NASHVILLE, Tenn. (AP) — Republican Gov. Bill Haslam says Tennessee could design its own version of the health insurance exchange required by the Patient Protection and Affordable Care Act.
Although Haslam is open to the possibility, resistance in the GOP-controlled General Assembly may cause the state to hand that power off to the federal government.
States have until Friday to inform the U.S. Department of Health and Human Services (HHS) if they plan to set up their own health insurance markets, and Haslam’s decision could come down to the wire.
The governor opposes the new health care law but said he can see reasons for not deferring the exchange to federal government.
“There are a lot of benefits to the state running it ourselves, because we’re going to run anything better than the federal government,” he said.
But Haslam also acknowledged that it would be tough to get the Republican-controlled Legislature to approve a state exchange.
“Politically, it will be difficult,” he said. “As somebody who’s always said that closer-to-home government is the better, that’s why I probably lean toward doing it.”
Because some states like Tennessee were lagging on this issue, the federal government gave them until December to submit the details on a state-run exchange.
House Majority Leader Gerald McCormick, R-Chattanooga, said there isn’t much interest among Republicans to take ownership of a key element of Obama’s health care law. The GOP gained supermajorities in both chambers of the General Assembly last week.
“We’d be more likely to throw it back to the federal government to have them clean up their own mess,” McCormick said.
“This thing is going to be a headache for a lot of people in my opinion, and my question is whether I as a state representative want to take a beating on that when I didn’t agree with setting the whole program up in the first place.”
House Democratic Caucus Chairman Mike Turner of Nashville said his preference would be for the state to run the exchange, but he fears one created by the Republican-dominated Legislature would seek to undermine the Obama plan.
“I think what they’ll try to do is skin it down as much as they can,” he said, adding that the state mismanaging such a program would be worse than the federal government running it.
Open enrollment for exchange plans is scheduled to start next October, and coverage will be effective Jan. 1, 2014.
Former U.S. Sen. Bill Frist, R-Tenn., has spoken in favor of states creating their own exchanges, noting that was originally a Republican idea.
Frist said in a July column in The Week magazine that the exchanges are “perhaps the most innovative, market-driven, and ultimately constructive part of the law.”
Unlike a Medicaid expansion, he said, “the exchanges should facilitate competition among private insurers as they design new benefit packages and cut prices to stay ahead of the game.”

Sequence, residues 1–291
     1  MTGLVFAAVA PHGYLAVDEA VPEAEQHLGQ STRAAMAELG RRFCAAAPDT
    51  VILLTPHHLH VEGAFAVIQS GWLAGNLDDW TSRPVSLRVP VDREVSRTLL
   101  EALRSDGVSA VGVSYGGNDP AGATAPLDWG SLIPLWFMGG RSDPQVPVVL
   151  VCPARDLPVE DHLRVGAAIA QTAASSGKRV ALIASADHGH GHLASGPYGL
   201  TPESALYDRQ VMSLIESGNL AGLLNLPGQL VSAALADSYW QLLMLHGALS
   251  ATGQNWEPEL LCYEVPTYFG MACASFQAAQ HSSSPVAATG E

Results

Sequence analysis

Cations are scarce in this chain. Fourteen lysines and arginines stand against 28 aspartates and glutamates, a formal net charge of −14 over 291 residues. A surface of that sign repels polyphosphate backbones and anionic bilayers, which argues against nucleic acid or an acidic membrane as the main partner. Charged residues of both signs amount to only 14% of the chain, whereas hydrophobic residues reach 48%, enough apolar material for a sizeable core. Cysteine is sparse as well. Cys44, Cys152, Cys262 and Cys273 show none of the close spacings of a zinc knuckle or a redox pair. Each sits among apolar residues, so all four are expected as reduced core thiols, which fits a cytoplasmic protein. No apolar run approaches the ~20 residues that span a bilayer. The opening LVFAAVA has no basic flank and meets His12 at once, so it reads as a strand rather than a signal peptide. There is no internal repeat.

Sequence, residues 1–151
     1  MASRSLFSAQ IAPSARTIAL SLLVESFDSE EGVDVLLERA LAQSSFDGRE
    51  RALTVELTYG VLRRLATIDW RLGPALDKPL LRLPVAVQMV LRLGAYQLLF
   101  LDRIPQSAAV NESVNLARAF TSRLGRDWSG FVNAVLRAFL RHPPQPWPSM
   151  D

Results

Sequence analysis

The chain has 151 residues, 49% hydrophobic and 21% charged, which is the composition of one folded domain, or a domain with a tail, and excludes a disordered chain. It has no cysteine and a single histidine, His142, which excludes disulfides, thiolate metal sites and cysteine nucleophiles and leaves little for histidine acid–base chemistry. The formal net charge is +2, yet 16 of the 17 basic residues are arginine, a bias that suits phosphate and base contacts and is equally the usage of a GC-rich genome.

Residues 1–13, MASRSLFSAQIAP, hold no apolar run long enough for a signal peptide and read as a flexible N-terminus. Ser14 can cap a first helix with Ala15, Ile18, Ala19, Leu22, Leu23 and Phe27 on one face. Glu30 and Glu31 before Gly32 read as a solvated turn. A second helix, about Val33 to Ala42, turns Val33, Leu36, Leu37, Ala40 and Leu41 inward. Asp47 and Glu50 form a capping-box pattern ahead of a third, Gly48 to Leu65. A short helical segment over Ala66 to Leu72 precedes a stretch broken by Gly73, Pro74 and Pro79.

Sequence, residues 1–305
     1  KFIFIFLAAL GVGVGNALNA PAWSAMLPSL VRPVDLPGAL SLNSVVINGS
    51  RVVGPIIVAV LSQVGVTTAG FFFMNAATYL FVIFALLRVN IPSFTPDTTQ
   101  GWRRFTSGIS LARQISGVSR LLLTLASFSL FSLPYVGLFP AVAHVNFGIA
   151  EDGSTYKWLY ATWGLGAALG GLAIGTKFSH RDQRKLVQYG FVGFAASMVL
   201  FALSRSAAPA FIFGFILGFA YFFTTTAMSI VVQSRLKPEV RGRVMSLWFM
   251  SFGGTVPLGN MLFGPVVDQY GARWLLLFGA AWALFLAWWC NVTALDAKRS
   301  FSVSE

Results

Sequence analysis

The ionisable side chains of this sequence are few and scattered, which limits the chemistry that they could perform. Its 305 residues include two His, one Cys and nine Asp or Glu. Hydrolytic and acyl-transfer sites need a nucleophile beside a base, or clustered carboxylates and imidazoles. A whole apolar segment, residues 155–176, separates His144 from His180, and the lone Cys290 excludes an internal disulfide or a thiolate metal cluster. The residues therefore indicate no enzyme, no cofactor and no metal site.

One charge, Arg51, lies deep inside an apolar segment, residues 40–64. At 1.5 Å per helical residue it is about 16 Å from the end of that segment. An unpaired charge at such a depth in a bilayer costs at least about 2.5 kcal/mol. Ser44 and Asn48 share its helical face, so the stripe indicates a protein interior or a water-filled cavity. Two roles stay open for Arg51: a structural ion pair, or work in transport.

Republicans are quick to cite as a cautionary tale the experience of TennCare, the state’s expanded Medicaid program that was beset by out-of-control costs until former Democratic Gov. Phil Bredesen in 2005 decided to make deep cuts to both enrollment and benefits.
Haslam said he is still awaiting details about the federal requirement for an exchange before determining his preferred path. The Centers for Medicare and Medicaid Services have been slow to respond to specific questions, he said, though he expected more comprehensive answers now that the presidential election has been decided.
The governor added that “the arguments haven’t been made yet” with state lawmakers about which course to pursue.
A state-controlled exchange might allow for stricter controls on eligibility and could have different tax implications for businesses, the governor said.
“And the insurance companies and others have made it clear that (they) would rather deal with the state than with the federal government,” he said.
He said one area of confusion is a mistaken impression that creating a state exchange would be linked to an expansion of Medicaid, which is permitted but not required under the new law.
Haslam said that separate decision on whether to boost Medicaid coverage will also be a tough one, given that hospitals — especially those in rural areas — rely heavily on federal reimbursements for care.
House Speaker Beth Harwell, R-Nashville, said her first reaction is that she is not in favor of an expansion of Medicaid, but she also understands the potential impact for hospitals.
“It’s going to be a very difficult decision on the part of our state,” she said. “But hopefully we will make one that reflects the will of Tennesseans.”